Thursday, August 21, 2014
There are various options. You may find solace in a group of people who are in the same situation as you. Grief groups can be found at churches/synagogues, at hospice programs, at hospitals. There are grief groups for people whose loved ones have died of a particular disease. I found a leukemia/lymphoma grief support group after my husband died. One caveat: your goal in seeking such a group should be to come to terms with your loss and "graduate" from the group. This doesn't mean you won't see the friends you've made there any more. One plus about groups is that you may find friends to socialize with outside of the group.
If you're not a "group person," you may want to seek individual counseling. That's what I did. I began at the height of my husband's illness when I was so sad and stressed, I could hardly function. That helped me then and in the time of transition when I first was widowed. You can get referrals from your family doctor, from friends, from your spouse's doctor. Just be sure you and your therapist are a good match. If you don't feel comfortable during your first meeting, find someone else.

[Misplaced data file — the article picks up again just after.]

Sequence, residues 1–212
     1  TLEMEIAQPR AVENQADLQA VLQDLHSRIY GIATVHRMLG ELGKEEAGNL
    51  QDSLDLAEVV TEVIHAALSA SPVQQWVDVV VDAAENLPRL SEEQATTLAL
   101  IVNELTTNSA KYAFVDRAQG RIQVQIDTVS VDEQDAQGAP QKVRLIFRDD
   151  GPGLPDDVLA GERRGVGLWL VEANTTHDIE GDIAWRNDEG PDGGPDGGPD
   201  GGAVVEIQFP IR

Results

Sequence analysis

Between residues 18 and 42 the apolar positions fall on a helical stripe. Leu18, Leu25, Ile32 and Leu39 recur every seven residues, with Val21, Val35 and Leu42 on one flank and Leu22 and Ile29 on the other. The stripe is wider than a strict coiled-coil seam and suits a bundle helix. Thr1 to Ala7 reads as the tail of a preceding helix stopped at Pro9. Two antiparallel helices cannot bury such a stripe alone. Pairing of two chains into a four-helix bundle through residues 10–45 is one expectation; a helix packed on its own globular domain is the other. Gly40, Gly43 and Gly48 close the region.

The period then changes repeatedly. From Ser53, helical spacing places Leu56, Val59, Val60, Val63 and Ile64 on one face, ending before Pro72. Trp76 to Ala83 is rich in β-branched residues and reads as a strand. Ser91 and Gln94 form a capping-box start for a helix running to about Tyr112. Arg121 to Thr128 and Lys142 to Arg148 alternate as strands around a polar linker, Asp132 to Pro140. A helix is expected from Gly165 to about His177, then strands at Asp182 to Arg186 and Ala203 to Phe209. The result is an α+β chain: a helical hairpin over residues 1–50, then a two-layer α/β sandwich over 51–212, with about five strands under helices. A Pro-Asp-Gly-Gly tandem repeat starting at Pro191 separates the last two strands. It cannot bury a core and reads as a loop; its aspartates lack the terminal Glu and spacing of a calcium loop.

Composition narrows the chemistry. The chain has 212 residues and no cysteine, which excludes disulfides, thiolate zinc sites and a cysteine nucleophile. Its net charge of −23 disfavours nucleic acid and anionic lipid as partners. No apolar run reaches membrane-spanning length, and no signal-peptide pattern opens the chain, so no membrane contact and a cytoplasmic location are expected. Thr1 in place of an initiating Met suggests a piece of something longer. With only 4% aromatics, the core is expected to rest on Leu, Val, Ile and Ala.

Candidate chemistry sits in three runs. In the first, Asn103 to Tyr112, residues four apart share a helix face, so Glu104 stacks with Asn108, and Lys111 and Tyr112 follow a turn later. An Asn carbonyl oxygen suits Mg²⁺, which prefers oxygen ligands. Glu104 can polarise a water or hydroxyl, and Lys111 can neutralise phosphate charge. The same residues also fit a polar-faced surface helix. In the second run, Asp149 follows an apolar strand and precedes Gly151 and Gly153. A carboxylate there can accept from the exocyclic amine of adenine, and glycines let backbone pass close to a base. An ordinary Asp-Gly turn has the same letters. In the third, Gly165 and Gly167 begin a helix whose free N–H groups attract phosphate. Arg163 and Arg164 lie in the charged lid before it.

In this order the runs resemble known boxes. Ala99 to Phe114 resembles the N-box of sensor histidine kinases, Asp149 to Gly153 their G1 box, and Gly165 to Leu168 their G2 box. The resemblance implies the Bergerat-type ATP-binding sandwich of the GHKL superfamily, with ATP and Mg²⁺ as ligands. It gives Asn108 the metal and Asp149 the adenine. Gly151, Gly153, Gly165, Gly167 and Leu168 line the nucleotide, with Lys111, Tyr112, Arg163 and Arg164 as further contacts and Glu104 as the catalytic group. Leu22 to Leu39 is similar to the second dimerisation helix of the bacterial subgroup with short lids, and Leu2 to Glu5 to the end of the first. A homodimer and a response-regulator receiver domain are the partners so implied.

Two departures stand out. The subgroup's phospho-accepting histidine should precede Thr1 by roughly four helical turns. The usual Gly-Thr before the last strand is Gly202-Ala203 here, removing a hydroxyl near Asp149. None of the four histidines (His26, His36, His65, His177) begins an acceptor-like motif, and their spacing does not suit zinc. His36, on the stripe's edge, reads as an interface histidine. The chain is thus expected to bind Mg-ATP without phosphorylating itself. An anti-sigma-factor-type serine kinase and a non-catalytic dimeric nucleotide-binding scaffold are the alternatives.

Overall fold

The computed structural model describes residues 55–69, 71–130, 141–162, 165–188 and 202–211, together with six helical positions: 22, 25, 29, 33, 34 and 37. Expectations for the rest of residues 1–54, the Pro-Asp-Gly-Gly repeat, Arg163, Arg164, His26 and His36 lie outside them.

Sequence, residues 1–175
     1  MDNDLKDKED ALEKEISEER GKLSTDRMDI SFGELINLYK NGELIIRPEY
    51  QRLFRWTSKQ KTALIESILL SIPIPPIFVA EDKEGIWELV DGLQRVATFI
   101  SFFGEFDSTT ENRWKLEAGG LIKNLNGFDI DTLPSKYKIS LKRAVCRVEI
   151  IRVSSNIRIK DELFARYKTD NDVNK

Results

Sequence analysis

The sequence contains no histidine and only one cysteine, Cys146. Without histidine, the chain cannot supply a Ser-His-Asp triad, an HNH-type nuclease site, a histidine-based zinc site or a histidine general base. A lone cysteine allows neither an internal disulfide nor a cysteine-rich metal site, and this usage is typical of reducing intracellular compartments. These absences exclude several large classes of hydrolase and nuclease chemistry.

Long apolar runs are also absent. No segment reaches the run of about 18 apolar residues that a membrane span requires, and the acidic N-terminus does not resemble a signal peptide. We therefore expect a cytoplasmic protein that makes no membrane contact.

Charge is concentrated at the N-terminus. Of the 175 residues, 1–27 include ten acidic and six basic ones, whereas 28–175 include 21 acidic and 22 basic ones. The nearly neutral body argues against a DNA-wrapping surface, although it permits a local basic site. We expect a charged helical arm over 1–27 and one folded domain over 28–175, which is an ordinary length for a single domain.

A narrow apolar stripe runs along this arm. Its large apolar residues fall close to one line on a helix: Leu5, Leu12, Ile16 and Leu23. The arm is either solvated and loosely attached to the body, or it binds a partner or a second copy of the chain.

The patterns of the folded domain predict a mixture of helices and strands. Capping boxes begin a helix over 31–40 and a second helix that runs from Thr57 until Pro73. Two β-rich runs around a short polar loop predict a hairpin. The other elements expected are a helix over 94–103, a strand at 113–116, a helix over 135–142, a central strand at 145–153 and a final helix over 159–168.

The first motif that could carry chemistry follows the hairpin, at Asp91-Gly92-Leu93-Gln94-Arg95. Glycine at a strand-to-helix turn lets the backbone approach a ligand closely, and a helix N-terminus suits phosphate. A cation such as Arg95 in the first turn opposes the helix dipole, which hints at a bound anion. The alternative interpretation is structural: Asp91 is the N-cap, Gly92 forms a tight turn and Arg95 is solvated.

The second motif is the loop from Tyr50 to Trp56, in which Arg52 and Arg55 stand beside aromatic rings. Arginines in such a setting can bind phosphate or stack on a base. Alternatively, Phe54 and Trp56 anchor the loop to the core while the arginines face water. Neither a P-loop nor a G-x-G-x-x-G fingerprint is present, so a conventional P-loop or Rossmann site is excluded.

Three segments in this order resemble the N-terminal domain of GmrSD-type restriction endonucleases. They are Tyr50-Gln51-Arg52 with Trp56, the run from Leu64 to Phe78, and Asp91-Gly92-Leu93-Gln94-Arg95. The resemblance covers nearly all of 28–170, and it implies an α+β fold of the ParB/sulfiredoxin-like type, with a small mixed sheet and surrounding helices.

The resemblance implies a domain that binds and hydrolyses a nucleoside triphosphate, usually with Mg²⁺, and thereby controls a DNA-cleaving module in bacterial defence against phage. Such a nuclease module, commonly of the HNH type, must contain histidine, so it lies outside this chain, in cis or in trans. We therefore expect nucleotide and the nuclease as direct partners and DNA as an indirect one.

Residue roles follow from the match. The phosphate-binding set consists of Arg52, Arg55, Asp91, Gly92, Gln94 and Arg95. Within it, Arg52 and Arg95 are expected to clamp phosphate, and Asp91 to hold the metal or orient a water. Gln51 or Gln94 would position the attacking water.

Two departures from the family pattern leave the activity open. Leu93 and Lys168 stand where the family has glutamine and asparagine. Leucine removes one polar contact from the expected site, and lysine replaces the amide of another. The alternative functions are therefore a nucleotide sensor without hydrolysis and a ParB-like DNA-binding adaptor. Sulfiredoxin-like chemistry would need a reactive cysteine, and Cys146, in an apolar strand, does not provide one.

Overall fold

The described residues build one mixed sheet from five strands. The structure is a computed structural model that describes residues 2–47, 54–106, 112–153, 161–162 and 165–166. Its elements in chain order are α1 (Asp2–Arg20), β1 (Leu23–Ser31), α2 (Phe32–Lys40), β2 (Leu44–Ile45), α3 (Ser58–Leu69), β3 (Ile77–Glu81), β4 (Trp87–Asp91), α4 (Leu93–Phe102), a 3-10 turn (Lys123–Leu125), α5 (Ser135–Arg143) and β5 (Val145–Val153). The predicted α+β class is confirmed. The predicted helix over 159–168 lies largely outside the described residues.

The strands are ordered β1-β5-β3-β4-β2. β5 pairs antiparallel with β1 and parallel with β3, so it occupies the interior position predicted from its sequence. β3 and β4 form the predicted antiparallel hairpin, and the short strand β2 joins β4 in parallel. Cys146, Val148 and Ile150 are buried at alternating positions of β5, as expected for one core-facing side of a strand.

If nothing else, think about book therapy. There are tons of books on widowhood--memoirs, advice for managing daily life, coping with grief--I probably read them all, or anyway, a lot of them. I have a huge collection now of books about widowhood, and I'm always surprised when I'm lecturing and ask if people have read any helpful books and I get a lot of no's. I guess it was natural for me to seek books. No matter what stage of life I've been in--parenting, step-parenting, transitions, loss of a parent--I've always looked for books. Some of my favorites on widowhood are:
Widow to Widow
It Must Have Been Moonglow
The Five Ways of Grieving
The Widow's Story
And no, I didn't include The Year of Magical Thinking--it is not one of my favorites.
Take care, and stop back next week for Tip #4.
Posted by thelmaz at 6:07 AM